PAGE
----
Billy Miller is an artist-writer who has exhibited internationally at P.S.1 Contemporary Art Center, Deitch Projects, John Connelly Presents, Kunstverein München, Edlin Gallery, D’Amelio Terras Gallery, Exile Berlin, and other galleries and cultural institutions. His writing has appeared in publications such as VICE, INDEX, K48, WON Magazine, and BUTT. And he is the editor and publisher of a number of independent publications, including; When Johnny Comes Marching Home Again, No Milk Today, and Straight To Hell (which has been in publication since 1973).
Billy, tell me a little bit about your background?
My family is mostly in West Virginia and Tennessee. I grew up in Detroit and have lived in a few places like Denver and Chicago but have been in Jersey City for over 20 years, so I sorta feel like this is my hometown now.
In Conveyer, the designer Josef Reyes notes: “A life is a narrative and a place is a meeting point of several narratives. Consider a place to be not so much a physical environment to but a crossing point of disparate stories.” What are a few of the buried stories in Journal Square, and what do they reveal about the character of our city?
Wow… stories about Journal Square. I suppose there are countless stories there every day. If you could do a speeded-up time-lapse movie it would show a lot of change in the area, especially in the past few years.
The State theater, the Canton restaurant, and other places that defined Journal Square in the 20th Century are all gone now but there are still a few interesting holdouts. You should check out the Upstairs Gallery across from the post office on Bergen Ave…. it’s been there since the ‘60s and has some interesting art in there.
What is a “bompy?” Who is your favorite bompy, and why?
It’s surprising that you’ve never heard that expression before. Orlando Reyes at The 58 Gallery told me he thought bompy (or bompi?) comes from a combination of the words “bum” and “papi”. I don’t know, but it sorta sounds Italian. In any case, I started hearing folks call homeless people who hung around Journal Square that about a week after I moved here. Guess you’ve seen that one crazy woman who looks sort of like someone who would work on Wall Street from a distance but up close you see how wacked-out she looks and especially when she pulls out a huge sign that says “You Must Be Catholic To Go To Heaven!” And there’s “Teddy”, the guy who claims to be collecting for some made-up charity that doesn’t exist and has all these forms and fake ID that’s spelled wrong and always says that “supplies are low at the shelter” and gets a few tourists and bleeding-hearts to give him money even though he’s obviously stinking drunk. Or the woman who looks like she’s on meth or crack with bleached hair who’s really nice when she asks you for money and then yells profanities at you if you don’t give it to her. Or that guy with the snake and the parrot and all the tattoos. You could make a Reality Show like the one about the Shore at the Square – only maybe it’d be too depressing.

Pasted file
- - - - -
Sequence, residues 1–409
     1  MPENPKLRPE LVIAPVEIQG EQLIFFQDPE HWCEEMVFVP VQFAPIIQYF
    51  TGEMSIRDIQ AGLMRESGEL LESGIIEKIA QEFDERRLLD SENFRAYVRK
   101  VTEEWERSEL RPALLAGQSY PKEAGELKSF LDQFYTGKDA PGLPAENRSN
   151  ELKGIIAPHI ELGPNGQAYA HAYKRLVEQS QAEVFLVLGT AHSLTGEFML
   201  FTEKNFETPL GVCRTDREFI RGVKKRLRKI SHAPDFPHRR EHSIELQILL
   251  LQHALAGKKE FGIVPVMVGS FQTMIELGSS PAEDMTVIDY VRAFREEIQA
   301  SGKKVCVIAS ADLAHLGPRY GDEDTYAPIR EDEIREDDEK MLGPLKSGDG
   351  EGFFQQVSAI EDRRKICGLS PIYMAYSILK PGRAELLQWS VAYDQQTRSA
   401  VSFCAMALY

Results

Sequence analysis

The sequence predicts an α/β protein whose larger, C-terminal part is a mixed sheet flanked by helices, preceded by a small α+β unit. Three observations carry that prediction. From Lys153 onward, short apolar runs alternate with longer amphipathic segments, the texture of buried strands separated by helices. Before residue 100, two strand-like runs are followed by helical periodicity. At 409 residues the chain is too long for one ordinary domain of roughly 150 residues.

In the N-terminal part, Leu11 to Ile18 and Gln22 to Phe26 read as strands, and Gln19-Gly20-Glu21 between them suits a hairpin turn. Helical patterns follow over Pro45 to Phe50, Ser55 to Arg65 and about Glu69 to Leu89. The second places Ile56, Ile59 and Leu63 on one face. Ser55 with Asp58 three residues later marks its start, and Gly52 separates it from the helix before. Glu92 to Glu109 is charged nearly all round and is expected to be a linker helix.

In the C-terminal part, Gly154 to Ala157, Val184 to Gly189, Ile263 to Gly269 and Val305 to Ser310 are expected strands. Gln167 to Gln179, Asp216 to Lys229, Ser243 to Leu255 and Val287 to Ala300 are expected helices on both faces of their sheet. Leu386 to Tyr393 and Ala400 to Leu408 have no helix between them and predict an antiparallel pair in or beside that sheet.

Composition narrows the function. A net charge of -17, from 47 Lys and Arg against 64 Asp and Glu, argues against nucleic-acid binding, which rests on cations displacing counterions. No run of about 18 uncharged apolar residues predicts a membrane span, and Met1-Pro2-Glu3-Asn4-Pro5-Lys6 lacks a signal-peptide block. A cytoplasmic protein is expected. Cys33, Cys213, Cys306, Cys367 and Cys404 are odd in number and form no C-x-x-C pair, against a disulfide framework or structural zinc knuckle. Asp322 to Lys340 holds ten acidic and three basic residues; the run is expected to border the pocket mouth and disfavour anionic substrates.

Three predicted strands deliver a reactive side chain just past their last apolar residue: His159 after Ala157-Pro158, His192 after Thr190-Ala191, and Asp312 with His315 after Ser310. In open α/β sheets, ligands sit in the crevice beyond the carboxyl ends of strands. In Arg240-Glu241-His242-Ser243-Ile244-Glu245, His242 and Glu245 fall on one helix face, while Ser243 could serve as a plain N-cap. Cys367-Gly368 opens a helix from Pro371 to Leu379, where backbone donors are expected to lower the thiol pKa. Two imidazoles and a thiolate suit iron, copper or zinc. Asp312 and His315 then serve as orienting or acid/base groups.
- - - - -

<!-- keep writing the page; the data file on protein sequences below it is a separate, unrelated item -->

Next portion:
You are organizing two exhibitions in Berlin this summer: Lost Horizons and Head Shop. How did you come to work with the gallery? What can you tell us about the exhibition?
I’m organizing two concurrent shows in two spaces at Exile Ausstellungsgraum Berlin (say that fives times real fast with your mouth full of crackers) Besides the exhibit, there will also be a couple video-film screenings at Exile and another space there called Basso, at least one or two live performances, and a cookout in the hof (courtyard). Then in late July I’m meeting my graphic designer friend Jan Wandrag in London to do an installation at Pablo de la Barra’s White Cubicle Gallery – which is actually a bathroom in a restaurant.
I met Christian Siekmeier -the director of Exile- in NYC when he used to live here. When he moved back to Germany and started his gallery, he asked me to organize a show in 2008 and so I went over there for that.
I met Pablo de la Barra in NYC, but he lives in London and used to have a gallery with Isabella Blow, who was Alexander McQueen’s muse. This will be my first time there but I won’t have a lot of time to do much.
I have always been taken by the titles of your magazines, blogs, and art shows [No Milk Today, When Johnny Comes Marching Home Again, A Poor Wayfaring Stranger, The Pussy Farm]. What’s in a title?